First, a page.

Finance Board announces 2015 budget surplus



The Board of Finance met on July 29 to assess the town’s current financial state. Town Manager Garry Brumback applauded the finance department, who he said “managed the budget very, very, well all year long.”

Finance Director Emilia Portelinha explained that, according to projections, the town spent less than they planned. The town has also earned more than they expected this year, so the town’s finances are better than projected so far in 2015.

Officials compared the actual town revenue to the projections in the budget and reported a surplus. Portelinha reported that taxes collected from previous years totaled $247,000 above the amount projected in this year’s budget. Interest accrued on those taxes added another $177,000 to the surplus.

She said the main reason for the overage is a tax sale held by the town where five properties were sold at auction, earning the town almost $250,000 in interest fees and taxes.

An additional six properties were redeemed before they were sent to auction, bringing in an additional $297,000.

Portelinha said that, although building permit fees collected by the town are $113,000 under projections for this year’s budget, the budget had predicted a 38.5 percent increase from fiscal year 2014. That’s still an increase over fees collected in 2014.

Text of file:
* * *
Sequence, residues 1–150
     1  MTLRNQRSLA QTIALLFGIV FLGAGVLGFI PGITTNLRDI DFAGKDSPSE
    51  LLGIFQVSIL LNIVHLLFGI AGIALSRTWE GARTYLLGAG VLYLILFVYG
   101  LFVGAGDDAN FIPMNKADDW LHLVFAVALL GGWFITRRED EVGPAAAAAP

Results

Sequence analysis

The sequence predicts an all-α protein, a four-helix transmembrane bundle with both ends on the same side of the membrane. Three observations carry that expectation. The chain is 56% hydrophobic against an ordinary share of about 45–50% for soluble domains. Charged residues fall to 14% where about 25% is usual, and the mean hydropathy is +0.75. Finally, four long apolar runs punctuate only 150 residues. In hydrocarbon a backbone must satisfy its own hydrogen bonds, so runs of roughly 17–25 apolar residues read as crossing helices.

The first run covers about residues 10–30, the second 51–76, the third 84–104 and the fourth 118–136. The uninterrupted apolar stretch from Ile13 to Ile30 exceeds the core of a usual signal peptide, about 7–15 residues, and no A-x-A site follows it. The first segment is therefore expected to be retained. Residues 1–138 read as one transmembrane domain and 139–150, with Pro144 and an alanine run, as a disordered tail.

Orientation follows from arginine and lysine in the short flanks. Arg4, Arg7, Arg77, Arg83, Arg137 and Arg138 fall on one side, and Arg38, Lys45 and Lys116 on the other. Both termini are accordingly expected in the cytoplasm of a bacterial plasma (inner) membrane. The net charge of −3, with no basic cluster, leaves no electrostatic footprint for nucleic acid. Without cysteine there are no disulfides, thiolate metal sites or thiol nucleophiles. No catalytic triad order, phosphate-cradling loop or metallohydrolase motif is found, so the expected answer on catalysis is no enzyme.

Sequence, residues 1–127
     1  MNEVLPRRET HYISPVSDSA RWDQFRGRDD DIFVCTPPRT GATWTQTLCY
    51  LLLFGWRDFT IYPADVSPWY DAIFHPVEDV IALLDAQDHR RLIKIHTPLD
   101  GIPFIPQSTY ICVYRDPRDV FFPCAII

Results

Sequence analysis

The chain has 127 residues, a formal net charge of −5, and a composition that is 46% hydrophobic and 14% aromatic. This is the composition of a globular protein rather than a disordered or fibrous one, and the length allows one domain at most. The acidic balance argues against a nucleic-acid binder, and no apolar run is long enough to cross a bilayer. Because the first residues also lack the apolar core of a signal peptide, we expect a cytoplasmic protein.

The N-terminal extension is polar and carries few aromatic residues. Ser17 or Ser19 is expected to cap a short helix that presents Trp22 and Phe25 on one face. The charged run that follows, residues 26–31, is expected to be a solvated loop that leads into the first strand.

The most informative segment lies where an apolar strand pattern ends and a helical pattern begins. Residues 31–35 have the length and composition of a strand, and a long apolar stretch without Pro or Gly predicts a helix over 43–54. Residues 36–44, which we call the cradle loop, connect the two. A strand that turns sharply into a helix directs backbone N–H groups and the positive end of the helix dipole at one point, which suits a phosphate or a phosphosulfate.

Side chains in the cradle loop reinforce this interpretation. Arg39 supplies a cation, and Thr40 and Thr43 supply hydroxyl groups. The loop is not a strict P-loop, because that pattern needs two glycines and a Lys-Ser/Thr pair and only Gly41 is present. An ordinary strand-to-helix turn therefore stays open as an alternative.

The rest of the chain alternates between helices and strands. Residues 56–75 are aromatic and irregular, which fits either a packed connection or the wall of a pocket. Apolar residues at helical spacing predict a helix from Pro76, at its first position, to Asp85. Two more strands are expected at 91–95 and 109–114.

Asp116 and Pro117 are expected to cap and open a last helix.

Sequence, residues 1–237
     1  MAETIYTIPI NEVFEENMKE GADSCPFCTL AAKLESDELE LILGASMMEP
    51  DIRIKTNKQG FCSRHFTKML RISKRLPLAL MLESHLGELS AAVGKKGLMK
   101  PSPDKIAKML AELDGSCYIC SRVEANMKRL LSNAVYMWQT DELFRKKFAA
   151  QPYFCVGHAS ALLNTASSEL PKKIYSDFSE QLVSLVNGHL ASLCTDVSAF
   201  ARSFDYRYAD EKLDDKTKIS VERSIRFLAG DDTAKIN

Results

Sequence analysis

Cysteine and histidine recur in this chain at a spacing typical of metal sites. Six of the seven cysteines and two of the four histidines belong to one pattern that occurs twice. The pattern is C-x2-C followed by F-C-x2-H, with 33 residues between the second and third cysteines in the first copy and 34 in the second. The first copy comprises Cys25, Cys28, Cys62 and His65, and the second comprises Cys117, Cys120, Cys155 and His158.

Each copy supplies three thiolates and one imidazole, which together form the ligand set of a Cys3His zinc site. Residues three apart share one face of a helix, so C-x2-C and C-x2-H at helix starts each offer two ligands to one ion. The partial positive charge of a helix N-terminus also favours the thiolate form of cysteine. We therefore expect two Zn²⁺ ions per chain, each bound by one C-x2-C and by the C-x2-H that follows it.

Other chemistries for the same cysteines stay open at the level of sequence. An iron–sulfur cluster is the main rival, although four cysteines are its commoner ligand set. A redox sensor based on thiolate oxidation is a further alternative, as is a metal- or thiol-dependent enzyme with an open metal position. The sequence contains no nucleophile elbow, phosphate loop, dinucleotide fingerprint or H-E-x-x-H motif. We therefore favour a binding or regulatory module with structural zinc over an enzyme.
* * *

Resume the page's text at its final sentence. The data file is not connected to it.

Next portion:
“It doesn’t bode badly even though we are under budget because we were so much higher than last year,” said Portelinha. “If you look at the big picture, it’s actually an increase.”

Interest on investments in town is currently $89,000 above budget, which Portelinha described as a “fantastic” number, brought in due to more aggressive investment funds.

Portelinha said she predicts that the town expenditures will probably come in $250,000 under budget “when all is said and done.”

Chairman Leary said that $1.3 million in funding was harvested, meaning it was not spent in this fiscal year but carried into the new year to fund the same purpose or a new purpose.

Any remaining balance in the contingency fund at the end of the fiscal year on June 30 will go directly into the Rainy Day Fund.  In addition to the $1.3 million in harvested monies, $850,000 will now go into the Rainy Day Fund, meaning the fund reaches approved policy level of 10 percent and over, at 12 percent.

Before the meeting’s adjournment, Chariman Leary read a letter sent to the town from the Government Finance Officers Association on June 16, and congratulated Portelinha on a sound financial state in Southington, encouraging her “to take pride back to the office” at the Finance Department.

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